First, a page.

Warren Buffett is generally considered one of the most successful investors in the world. Typically building a net worth of $76.1 billion, after all, takes some savvy investing.
As it turns out, that knack for investing starting young — very young.
The Berkshire Hathaway CEO recently brandished a copy of his very first tax return during an interview with PBS NewsHour. Filed in 1944 when he was just 14 years old, the return reveals Buffett made $592.50 delivering newspapers along a route in Northwest Washington, D.C. (Translated into 2017 dollars, that's a whopping $8,221.18! Impressive for a paper route, no?)
What’s even more impressive is how meticulous the young Buffett was with his money.
He paid $7 in taxes and also declared $228 in interest and dividend income (he bought his first stock when he was 11). Today, that would be $3,163.59 in investments. Buffett also tracked his professional expenses, noting the $10 it cost him to repair his watch and $35 for "Bicycle - Misc" on the document's second page.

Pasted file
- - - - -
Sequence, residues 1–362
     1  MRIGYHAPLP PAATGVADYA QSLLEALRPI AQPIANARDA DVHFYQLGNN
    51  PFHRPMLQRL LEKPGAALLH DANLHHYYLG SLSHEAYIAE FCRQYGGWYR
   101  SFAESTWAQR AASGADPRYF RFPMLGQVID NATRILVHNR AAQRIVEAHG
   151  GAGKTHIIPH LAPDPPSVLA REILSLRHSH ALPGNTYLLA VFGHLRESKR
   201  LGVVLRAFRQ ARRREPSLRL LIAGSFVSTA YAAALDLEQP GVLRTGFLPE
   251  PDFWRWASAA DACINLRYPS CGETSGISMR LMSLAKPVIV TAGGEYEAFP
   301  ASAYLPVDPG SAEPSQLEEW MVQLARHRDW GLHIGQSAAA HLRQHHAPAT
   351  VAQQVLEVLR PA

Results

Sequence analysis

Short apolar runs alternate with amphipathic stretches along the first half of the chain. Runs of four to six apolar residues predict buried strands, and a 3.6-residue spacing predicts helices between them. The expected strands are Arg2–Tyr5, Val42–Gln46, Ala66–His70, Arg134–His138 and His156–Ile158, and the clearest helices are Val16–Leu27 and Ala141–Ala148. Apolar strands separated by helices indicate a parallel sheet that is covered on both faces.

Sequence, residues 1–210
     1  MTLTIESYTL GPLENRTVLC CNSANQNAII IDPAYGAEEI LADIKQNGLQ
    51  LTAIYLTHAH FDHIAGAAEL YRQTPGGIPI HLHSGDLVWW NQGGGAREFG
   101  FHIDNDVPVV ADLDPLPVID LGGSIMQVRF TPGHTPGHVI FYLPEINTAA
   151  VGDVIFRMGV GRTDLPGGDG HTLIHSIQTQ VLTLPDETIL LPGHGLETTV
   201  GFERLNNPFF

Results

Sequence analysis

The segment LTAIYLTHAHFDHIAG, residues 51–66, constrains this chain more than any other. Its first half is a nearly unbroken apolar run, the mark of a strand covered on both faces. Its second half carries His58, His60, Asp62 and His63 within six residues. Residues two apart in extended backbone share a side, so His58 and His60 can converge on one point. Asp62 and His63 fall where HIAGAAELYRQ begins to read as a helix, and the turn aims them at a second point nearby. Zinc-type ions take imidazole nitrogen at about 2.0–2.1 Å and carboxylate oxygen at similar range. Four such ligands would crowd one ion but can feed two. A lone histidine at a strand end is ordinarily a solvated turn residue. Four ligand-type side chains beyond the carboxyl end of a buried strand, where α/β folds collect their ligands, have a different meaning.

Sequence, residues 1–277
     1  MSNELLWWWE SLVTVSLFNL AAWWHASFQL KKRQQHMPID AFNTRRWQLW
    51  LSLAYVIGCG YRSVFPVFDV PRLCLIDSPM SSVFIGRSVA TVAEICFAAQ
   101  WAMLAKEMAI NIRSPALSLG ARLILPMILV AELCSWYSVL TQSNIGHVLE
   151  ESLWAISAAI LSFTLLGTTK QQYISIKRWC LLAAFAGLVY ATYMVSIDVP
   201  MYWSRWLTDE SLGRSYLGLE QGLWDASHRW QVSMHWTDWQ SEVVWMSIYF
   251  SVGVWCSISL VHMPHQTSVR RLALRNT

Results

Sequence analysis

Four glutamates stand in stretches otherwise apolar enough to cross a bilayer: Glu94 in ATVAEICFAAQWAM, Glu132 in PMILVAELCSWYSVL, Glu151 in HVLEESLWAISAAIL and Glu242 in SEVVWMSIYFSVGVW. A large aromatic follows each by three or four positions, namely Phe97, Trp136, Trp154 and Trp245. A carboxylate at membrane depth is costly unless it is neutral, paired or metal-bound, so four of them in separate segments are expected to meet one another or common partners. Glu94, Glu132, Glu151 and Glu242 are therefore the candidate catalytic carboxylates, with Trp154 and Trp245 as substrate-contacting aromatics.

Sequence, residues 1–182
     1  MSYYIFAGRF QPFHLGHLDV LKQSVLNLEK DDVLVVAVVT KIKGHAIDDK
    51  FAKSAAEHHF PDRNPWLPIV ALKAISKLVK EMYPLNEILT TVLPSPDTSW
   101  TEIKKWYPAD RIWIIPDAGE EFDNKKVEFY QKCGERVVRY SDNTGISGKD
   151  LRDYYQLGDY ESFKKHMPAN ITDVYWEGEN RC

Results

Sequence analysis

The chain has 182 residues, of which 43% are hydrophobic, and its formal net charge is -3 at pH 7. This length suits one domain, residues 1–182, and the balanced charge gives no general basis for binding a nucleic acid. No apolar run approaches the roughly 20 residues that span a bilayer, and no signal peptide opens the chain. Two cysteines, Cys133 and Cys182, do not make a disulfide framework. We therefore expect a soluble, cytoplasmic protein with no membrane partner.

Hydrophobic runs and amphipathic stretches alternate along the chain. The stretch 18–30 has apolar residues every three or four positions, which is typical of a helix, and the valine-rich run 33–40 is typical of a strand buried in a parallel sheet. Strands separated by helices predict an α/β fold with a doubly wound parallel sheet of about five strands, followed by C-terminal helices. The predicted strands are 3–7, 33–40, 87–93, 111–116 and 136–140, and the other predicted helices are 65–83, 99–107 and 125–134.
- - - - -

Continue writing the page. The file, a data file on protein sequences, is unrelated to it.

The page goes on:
Buffett and LearnVest are simpatico: We believe the sooner you start strategically managing your money, the better off you'll be. Thanks to compound interest, it’s particularly true when it comes to retirement and large savings goals, like purchasing a home.
It's also a great anecdote for parents who want to teach their kids a thing or two about savings: Suggest that your child spend his or her summer job income on more than just movie tickets. Better yet, help little Sam or Suzie open an IRA or high-yield savings account.
Don't let eye rolls deter you; he or she will thank you 40 years from now.